In his 2018 documentary Won’t You Be My Neighbor?, Academy Award®-winning filmmaker Morgan Neville explores the life and philosophy of Fred Rogers, the mild-mannered, cardigan-wearing minister behind the children’s TV show Mister Rogers’ Neighborhood. Even though the TV show had been off the air for over 17 years, and Fred Rogers had died in 2003, the film became a must-see event. It became the highest grossing US documentary that year and critics, like those at Entertainment Weekly, greeted it with headlines like, “The Mr. Rogers doc Won't You Be My Neighbor? is the film we need right now.” To celebrate Focus Features' 20th year anniversary, we’re highlighting this September some Focus favorites, films like Won’t You Be My Neighbor? which characterize everything that audiences have come to love about Focus Features films.
Morgan Neville made a name for himself telling intimate stories about fascinating people like in his award-winning 20 Feet From Stardom. He saw a story about Mr. Rogers as being slightly different. Neville told his subject’s widow, Joanne Rogers, “I want to make a film not about the biography but about ideas.” Neville remembers how “watching his Bobby Kennedy assassination special at the Fred Rogers Center convinced me to make the film.” Neville saw that the remarkable compassion and empathy Rogers brought to tough subjects still had lots to teach us. As he reviewed endless footage from the TV show and gathered archival material about the man, Neville understood that the central concept in this movie about ideas was that “kindness is not a naive notion like believing in unicorns and rainbows or something. It’s like oxygen: It is vital, and needs to be nurtured.”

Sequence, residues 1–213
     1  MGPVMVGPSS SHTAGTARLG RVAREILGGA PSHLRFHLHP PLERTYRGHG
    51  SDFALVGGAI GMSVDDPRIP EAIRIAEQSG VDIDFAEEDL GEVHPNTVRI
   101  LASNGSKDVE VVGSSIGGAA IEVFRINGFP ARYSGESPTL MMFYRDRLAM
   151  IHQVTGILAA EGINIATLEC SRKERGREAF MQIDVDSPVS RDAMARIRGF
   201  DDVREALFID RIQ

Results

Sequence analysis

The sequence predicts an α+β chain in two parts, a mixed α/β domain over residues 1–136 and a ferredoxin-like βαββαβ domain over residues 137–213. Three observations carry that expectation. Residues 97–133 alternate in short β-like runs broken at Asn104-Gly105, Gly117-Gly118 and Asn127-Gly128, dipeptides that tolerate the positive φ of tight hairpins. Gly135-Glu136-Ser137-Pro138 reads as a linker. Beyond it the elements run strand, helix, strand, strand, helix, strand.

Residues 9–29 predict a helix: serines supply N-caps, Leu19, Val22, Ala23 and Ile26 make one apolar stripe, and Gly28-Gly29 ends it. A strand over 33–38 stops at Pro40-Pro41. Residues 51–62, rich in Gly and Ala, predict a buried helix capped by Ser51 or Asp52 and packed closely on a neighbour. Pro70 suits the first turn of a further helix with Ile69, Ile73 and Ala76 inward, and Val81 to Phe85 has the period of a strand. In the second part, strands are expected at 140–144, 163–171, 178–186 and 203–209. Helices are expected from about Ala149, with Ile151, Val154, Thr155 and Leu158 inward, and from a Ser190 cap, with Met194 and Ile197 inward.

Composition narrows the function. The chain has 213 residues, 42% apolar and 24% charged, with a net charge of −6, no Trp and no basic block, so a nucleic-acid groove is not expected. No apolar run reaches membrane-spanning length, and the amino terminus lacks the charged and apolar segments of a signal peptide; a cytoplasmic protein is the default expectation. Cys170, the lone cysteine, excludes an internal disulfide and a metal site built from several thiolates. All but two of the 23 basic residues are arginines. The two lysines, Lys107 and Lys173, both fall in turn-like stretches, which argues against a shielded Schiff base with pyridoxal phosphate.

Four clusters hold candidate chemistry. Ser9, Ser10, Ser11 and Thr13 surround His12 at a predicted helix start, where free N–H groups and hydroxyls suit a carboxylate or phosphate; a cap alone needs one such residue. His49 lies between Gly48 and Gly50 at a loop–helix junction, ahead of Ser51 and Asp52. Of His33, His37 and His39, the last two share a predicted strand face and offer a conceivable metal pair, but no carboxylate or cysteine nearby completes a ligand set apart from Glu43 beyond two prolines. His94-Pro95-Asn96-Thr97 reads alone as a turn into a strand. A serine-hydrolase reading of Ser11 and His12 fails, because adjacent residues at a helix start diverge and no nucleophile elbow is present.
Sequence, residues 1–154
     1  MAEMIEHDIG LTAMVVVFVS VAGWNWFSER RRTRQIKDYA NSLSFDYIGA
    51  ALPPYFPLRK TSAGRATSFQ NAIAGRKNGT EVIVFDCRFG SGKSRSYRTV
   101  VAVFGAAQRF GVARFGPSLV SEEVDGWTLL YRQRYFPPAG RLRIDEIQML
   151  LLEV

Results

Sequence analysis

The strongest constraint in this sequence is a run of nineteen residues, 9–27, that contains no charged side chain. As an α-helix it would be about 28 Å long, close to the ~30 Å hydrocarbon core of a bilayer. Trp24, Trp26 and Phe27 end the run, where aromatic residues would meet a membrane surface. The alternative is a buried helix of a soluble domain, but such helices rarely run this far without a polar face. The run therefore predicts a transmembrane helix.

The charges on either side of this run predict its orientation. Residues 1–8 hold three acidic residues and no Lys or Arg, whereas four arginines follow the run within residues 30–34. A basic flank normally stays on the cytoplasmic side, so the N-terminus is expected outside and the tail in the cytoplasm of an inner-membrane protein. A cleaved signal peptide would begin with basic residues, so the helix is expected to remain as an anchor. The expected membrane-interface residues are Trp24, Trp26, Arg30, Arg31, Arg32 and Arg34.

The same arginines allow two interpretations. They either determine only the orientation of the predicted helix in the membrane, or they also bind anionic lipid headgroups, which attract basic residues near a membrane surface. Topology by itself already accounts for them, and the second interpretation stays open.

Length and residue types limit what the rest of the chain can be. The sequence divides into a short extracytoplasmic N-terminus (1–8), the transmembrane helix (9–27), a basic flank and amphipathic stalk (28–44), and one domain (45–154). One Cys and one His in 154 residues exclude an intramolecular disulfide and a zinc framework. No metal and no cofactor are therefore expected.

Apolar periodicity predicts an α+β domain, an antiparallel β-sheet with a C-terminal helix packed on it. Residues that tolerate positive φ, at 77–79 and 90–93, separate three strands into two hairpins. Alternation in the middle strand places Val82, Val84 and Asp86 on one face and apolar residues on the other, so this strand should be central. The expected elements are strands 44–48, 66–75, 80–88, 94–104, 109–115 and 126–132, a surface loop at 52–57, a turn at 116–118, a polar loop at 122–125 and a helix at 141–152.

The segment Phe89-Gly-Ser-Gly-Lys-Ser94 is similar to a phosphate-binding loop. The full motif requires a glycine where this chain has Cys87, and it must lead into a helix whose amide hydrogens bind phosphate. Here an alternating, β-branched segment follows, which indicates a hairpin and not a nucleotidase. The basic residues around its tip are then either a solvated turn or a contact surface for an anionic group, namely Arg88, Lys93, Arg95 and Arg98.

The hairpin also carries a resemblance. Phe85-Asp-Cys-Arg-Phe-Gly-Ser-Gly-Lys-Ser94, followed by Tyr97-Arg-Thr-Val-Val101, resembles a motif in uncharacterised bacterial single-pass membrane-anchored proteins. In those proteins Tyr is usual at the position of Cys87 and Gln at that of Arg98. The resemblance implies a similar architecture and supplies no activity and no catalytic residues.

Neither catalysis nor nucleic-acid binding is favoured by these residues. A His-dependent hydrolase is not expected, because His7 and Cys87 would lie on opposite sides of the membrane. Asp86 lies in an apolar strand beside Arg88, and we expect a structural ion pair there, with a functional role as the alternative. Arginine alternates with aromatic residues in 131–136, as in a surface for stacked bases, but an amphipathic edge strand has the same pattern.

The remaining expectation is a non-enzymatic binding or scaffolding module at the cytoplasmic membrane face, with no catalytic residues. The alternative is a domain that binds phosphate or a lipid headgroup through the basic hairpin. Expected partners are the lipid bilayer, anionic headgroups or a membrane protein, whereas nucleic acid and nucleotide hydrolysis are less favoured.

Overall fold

This old-fashion belief in kindness ironically made the documentary for Neville “the most contemporary film I’ve ever done… The things he was dealing with were human emotions and fallibility. Those things don’t change.” For audiences who had in recent years been rocked by endless news reports about civil violence and public distrust, the film’s core conviction in the power of kindness proved a revelation. The Observer proclaimed that “this documentary about Mister Rogers couldn't be more relevant to right now.” For many, the portrait of a decent human being was also a call to action. "Won’t You Be My Neighbor? leaves viewers wrestling with our own collective conscience in the here-and-now, contemplating our own commitment to the unconditional love and acceptance that Rogers championed so passionately,” explains The Washington Post.
Fans of the film and Mr. Rogers stepped up to show their commitment to compassion. Some rejoiced in Rogers’ message of respect by connecting to their own neighborhoods. In Tampa, people threw block parties for neighbors to meet each other after the film. Some local cinemas turned the movie into an opportunity to give back by donating $1 from every ticket to their local PBS stations. Across the country, people celebrated the men and women who made a difference in their own lives by nominating them for the #BeMyNeighbor contest. And others took the opportunity to reflect on how Mr. Rogers’ compassion impacts us all. As The Playlist points out, “You leave wanting to be the better person that Rogers believed you could be and knowing that you’ll likely fall down a YouTube hole of episode clips to keep basking in his kindness.”